3 things I’m learning because of Rogue One

It’s time to geek out.maxresdefault

I’ve been a fan of Star Wars since I saw the original Episode 4 back in 1977. I was in junior high when I first saw Star Wars, and like many of you, I was hooked. I’ve enjoyed all seven of the Star Wars movies (yes, including the terrible prequels – it’s still Star Wars!).

Now, Rogue One has just opened this past week. It’s been a critical and financial success for Disney. My wife and I saw it this past weekend, as have many of our friends, co-workers, and family. Star Wars is again a cultural phenomenon, and I’m learning some things about people all over again. I’m wondering how we can take advantage of these things as we lead our Bible study groups. Are there some lessons to be learned?

Here are 3 things Rogue One is teaching me:

  1. People can’t get enough of a good story – The tag line to Rogue One is, “A Star Wars story.” 26200797002_95a305038a_bEmphasis on “story.” People don’t go to see these movies because of the special effects. They go because there is a story that continues to unfold. It’s a story that has characters people care about. It’s a story that has “spider webbed” out as all eight Star Wars movies have been released. If you have seen the movie, you’ve noted how carefully some elements (and characters) from previous Star Wars movies were featured, serving as threads to connect and bind the movies together into one coherent story line. Think about how much more connected is the story you and I tell each week in our Bible study groups! We share stories about Bible characters that are interrelated and connected to what I will call “the grand narrative of Scripture” – the big story of what God has done (and is doing) in the world. As Christians, we have the absolute best story of the ages to tell – it’s not a good story, it’s a great story. Let’s not forget that as compelling as the Star Wars saga is, the story of redemption is far, far greater. We can help connect the stories of Scripture to the larger meta-narrative of Scripture each time we teach. As the old hymn says, “I love to tell the story…”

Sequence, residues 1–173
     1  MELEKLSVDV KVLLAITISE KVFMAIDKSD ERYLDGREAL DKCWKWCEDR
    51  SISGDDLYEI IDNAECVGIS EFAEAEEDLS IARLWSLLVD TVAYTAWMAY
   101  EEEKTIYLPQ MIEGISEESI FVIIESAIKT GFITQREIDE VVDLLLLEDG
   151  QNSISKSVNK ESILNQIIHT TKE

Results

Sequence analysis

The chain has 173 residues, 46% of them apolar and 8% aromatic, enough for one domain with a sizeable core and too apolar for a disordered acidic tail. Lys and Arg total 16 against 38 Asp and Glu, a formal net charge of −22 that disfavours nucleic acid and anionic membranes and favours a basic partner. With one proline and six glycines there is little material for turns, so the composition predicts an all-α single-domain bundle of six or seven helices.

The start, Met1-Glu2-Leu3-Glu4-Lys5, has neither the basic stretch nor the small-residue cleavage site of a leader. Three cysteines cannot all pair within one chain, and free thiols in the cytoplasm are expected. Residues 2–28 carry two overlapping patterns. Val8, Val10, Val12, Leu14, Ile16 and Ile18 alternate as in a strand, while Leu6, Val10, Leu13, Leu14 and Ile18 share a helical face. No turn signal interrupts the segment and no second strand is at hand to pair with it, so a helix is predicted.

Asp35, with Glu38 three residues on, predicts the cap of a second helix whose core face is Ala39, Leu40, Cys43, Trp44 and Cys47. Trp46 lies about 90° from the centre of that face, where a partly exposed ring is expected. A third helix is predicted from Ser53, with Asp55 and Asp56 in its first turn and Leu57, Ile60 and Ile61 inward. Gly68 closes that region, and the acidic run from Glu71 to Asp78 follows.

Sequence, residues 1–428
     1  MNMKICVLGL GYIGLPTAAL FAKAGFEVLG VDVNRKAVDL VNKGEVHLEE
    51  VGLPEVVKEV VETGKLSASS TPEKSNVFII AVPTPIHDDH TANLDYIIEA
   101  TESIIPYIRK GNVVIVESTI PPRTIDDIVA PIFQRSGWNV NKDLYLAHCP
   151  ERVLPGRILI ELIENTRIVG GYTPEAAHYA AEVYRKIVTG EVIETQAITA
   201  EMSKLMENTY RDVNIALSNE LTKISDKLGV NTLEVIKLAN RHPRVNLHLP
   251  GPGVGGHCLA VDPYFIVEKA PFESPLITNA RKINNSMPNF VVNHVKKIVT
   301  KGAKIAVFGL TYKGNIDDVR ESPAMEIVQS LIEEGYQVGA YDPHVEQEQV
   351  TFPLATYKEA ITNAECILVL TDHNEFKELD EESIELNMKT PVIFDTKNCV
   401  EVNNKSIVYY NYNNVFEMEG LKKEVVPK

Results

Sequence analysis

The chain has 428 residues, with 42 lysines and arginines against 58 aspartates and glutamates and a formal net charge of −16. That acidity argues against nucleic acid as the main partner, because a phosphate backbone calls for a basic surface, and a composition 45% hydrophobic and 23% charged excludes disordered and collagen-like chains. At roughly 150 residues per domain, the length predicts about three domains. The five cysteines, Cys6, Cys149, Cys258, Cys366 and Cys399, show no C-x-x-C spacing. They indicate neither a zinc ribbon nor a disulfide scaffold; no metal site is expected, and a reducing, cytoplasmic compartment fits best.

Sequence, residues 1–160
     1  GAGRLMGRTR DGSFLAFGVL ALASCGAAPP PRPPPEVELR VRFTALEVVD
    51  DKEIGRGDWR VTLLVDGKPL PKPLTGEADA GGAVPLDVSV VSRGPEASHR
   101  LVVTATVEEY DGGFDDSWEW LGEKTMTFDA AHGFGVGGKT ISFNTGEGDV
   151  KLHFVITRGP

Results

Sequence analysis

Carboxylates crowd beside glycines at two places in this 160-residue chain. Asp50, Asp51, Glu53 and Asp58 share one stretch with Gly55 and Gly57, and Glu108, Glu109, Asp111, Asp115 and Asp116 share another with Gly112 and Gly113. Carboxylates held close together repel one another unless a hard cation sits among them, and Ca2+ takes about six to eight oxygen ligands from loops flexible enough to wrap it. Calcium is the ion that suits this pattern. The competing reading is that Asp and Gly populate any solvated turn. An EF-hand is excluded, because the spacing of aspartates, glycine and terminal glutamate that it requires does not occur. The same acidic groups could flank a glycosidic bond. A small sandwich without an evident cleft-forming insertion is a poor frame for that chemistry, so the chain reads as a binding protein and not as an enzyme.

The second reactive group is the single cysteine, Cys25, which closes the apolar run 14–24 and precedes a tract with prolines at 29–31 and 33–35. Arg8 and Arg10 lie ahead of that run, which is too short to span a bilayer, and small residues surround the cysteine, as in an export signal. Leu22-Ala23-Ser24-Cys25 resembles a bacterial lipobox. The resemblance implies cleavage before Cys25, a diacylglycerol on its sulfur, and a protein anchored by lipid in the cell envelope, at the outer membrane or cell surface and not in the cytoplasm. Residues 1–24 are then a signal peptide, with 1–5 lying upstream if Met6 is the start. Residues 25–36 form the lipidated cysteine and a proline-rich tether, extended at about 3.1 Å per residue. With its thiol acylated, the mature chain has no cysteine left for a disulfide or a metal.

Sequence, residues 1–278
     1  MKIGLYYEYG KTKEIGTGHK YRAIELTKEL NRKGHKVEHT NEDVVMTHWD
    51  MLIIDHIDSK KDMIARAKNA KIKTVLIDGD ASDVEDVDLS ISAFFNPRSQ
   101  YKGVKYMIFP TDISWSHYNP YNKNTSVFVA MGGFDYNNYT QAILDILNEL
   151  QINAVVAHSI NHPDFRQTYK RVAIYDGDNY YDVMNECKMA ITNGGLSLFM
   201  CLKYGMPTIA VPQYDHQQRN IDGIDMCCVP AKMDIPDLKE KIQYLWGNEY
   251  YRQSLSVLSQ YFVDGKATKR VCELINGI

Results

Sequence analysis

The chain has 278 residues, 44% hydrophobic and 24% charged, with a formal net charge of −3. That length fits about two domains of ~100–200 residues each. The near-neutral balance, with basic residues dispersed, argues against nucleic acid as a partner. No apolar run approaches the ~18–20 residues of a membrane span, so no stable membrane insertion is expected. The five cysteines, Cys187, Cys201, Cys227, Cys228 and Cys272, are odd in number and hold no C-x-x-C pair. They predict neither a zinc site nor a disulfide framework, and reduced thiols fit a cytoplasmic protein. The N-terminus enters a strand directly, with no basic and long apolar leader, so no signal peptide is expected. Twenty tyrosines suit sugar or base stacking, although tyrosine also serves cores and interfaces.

2. People will discuss what they’re passionate about – This one actually give me hope! I’ve listened1280px-star_wars_logo-svg to several co-workers over the past few days detail their experiences at the movies. They’ve been anxious to discuss the crowds, the mood of people in line, the electric atmosphere inside the movie theater, and most importantly, they have been anxious to discuss the story of Rogue One. They’ve openly discussed plot holes, plot twists, and the many connections this movie has to other movies in the Star Wars family. There’s been no absence of opinion as to what Disney might have done to make this an even better movie. People are already talking about Episode 8 due out one year from now! There’s just no holding back – people are talking about Rogue One and Star Wars again. The reason this gives me hope is because if people are this passionate about a fictional story of characters in a galaxy far, far away, how much more so can the people we lead in Bible study become passionate about the real story of the gospel and how it is true and relevant today? I can see a day when people I teach through my LIFE Group openly talk about Jesus and what they are learning in my group, instead of how excited they are about the latest movie, news story, or Facebook post they’ve read. There’s hope (and there’s the theme of Rogue One!) that the gospel story will be told and re-told by people full of passion to see the gospel be accepted by men, women, boys, and girls everywhere. Sometimes that passion starts with us, those who lead our church’s Bible study groups. Passion is often more caught than taught. How passionate are we about the gospel story?